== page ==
As I near the end of another assignment, I anticipate a sense of monumental relief. I also feel that I deserve to give myself a reward of some sort to avoid moving too quickly on to the next project without taking a moment to celebrate. Suddenly, I realize not paying enough attention to my accomplishments has silently, yet furiously contributed to my feelings of burnout.
Somehow, checking this project off my to-do list doesn't feel like enough of an acknowledgement that I have just finished editing an entire book! The fact that it’s someone else’s book means my job ends here and there are no residual rewards to look forward to. Still, another big thing is finished and I can move on to the next big thing. But I know what should be a celebration of completion will be little more than a breath of relief and a momentary lapse in the anxiety that goes with having a deadline of unfinished work looming large.
But then I have to ask myself; does a hair stylist celebrate every haircut? Does a mechanic rejoice after every successful oil change? I know it may not be practical, but perhaps they should, if only to rejuvenate and avoid resenting the next head of hair or malfunctioning vehicle that cross their paths.
But it doesn’t matter whether you’re dealing with books, cars or hair---burnout syndrome, at some point, is inevitable. It’s just a matter of time before you experience it and must attack it stop it from attacking you.
Psychological Science.org confirms that stress is an inevitable part of every work experience. For instance, the hair stylist may have to deal with difficult people. She stands on her feet all day and works long hours. Her own hair may need doing and the time never seems to come. The mechanic is physically challenged, fatigued and overworked as well. The trouble with machines isn’t always transparent. The bottom line is working for a living isn’t easy. No matter what your profession looks like from a distance, it is likely the same on a molecular level.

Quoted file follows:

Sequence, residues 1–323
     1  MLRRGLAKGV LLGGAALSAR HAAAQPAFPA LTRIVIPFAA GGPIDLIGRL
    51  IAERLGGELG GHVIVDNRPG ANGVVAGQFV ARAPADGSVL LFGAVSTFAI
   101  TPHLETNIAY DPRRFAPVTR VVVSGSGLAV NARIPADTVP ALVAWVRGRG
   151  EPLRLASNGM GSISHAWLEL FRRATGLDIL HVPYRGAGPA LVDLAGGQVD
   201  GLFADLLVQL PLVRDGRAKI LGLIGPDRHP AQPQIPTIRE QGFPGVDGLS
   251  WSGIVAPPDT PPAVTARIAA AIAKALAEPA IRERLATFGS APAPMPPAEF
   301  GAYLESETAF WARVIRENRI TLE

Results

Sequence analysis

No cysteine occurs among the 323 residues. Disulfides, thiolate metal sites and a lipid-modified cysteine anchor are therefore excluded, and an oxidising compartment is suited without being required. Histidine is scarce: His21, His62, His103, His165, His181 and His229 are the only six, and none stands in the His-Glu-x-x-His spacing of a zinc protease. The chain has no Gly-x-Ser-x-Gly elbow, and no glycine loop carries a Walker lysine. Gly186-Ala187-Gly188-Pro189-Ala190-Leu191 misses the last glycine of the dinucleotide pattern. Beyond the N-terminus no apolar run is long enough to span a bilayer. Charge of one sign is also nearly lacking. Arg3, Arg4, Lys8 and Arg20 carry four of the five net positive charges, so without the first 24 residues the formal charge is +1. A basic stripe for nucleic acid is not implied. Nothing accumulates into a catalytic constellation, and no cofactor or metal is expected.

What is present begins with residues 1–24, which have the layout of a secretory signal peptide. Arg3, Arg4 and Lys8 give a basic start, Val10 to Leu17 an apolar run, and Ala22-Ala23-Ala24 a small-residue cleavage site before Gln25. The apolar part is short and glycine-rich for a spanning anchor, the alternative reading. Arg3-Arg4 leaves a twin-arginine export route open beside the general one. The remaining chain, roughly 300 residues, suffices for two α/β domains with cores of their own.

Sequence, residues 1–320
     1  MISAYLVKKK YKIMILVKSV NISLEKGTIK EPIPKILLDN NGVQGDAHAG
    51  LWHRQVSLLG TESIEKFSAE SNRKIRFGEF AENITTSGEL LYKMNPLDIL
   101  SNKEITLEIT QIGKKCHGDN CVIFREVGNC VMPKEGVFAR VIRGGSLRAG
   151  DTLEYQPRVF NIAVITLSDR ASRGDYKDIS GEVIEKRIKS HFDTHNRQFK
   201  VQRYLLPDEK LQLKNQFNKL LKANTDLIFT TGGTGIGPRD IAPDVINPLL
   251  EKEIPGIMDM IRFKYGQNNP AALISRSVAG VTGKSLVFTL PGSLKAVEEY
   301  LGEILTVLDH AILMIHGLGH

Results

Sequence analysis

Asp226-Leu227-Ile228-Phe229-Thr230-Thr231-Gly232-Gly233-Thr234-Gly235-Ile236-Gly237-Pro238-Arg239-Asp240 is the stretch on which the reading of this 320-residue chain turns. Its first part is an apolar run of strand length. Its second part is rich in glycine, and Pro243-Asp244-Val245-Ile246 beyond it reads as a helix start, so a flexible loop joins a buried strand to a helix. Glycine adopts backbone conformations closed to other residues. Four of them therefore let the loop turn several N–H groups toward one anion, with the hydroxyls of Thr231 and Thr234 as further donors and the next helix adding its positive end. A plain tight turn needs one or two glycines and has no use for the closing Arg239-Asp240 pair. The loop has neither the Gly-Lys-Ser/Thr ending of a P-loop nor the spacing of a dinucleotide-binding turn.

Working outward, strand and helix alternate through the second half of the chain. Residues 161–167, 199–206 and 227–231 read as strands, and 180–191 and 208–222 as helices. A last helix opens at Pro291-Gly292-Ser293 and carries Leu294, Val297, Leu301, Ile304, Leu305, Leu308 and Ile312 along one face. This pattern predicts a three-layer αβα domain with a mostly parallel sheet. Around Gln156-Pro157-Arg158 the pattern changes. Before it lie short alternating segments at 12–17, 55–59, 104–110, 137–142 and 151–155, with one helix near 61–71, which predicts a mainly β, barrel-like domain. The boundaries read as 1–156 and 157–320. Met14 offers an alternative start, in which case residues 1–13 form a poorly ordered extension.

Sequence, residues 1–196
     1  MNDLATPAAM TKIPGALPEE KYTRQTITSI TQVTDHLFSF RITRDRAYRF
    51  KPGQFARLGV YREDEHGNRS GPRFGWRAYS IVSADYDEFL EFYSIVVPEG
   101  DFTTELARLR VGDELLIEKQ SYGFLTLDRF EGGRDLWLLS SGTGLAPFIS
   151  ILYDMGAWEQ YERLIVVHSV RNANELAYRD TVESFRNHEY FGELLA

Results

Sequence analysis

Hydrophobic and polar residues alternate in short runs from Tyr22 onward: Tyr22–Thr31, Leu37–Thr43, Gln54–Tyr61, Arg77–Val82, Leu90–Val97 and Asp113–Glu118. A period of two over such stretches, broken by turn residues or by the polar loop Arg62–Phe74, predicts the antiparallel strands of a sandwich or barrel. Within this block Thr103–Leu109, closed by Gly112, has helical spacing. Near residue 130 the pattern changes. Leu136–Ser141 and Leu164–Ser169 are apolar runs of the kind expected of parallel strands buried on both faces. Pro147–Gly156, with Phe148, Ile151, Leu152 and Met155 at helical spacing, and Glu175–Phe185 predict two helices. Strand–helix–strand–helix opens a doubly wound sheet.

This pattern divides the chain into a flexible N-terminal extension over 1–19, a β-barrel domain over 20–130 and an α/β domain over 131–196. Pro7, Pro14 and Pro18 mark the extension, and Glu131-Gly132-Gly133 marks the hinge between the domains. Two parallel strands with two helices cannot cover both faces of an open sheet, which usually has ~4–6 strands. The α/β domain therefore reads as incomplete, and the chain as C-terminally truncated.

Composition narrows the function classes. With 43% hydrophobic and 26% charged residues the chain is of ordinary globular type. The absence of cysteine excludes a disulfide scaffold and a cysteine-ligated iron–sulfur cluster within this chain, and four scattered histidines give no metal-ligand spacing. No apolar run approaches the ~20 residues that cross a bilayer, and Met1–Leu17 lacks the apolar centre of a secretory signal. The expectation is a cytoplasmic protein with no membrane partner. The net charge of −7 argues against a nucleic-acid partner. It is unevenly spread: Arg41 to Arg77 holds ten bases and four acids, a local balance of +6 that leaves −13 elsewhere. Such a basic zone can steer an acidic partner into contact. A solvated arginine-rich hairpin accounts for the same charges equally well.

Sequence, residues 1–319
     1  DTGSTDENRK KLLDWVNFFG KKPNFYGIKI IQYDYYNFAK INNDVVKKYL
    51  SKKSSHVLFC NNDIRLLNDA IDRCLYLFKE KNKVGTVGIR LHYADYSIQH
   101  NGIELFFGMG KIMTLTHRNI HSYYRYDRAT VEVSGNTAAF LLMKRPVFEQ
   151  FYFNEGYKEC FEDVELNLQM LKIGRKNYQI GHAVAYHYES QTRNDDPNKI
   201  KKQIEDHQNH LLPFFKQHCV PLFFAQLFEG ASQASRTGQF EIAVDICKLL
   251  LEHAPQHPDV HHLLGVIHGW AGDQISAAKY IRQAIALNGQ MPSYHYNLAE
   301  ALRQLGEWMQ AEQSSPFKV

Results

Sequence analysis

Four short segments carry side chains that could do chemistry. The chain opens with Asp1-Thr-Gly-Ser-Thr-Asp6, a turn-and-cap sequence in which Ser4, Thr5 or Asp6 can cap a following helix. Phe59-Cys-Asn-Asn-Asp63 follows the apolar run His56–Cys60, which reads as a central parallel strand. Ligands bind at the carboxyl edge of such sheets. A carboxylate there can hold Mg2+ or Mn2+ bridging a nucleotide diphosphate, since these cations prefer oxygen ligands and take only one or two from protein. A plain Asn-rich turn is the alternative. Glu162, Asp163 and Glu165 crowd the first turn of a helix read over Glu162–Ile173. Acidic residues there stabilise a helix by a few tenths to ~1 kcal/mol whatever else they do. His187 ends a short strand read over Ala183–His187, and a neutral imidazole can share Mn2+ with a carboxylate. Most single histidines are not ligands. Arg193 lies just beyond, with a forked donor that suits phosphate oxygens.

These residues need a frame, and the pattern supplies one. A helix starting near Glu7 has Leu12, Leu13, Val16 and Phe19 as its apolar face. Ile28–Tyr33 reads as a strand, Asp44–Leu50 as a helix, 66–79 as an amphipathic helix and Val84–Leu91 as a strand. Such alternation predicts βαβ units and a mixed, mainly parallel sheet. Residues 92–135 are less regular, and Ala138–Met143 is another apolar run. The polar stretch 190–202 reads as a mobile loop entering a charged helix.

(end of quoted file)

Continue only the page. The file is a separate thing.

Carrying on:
PsychCentral.com cites The Power of Slow; 101 Ways to Save Time in Our 24/7 World by Christine Louise Hohlbaum, who says, “Burnout is a ‘silent condition’ induced by chronic stress that is characterized by emotional (or) physical exhaustion, cynicism and lack of professional efficacy.”
And sometimes it’s not silent at all. Have you called yourself lazy? Have you felt that you must lack direction? Or that you’re choosing to be unproductive out of some sort of self-destruction? It’s important to acknowledge the problem without self-blame. You’re human. You’ve been working hard and need a break. It can be that simple. The trouble is, there’s often no break in sight. You might even have returned from a long weekend or vacation feeling the same as when you left: Uninspired! Here are some ways to address these very natural feelings that you have my permission to stop hating yourself for right now.
- Change either your mind or your situation. Perhaps there are adjustments that can be made, either major or minor, that have the potential to change your mind about your work. There’s a reason you’ve arrived at these feelings. What is it? What about it can be avoided in the future? Maybe you’ve taken too much on. Maybe you’ve steered away from your passion in a direction that’s not setting you on fire and creating that burning need to get to work. Whatever it is, take a hard look at it and either change your mind about it, or change your situation.
- Make time for yourself. Sometimes it’s a simple fix that can make all the difference. If your hard work doesn’t inspire the same sense of satisfaction it once did, perhaps the reward of payment or accomplishment isn’t enough. Rather than waiting for someone else to pat you on the back, figure out how to do it for yourself. Set time aside to do things that will help you refuel, recharge, and refocus. Only you know what that might be.
- Get help. There’s a time for a self-fix and there’s a time to ask for help. Counseling may be just the thing to get you out of the rut you’re in and into a position of empowerment. Mindfulness is a necessary coping mechanism. If you don’t know it, make it your business to get to know the art of living in the moment. Only then can you understand the trouble and pinpoint the solution. Sometimes you have the solution but feel unsure about how to make it come alive. Either way, an experienced professional can help sort out the details. Be open, honest and ready to admit that some level of change could be a life-saver.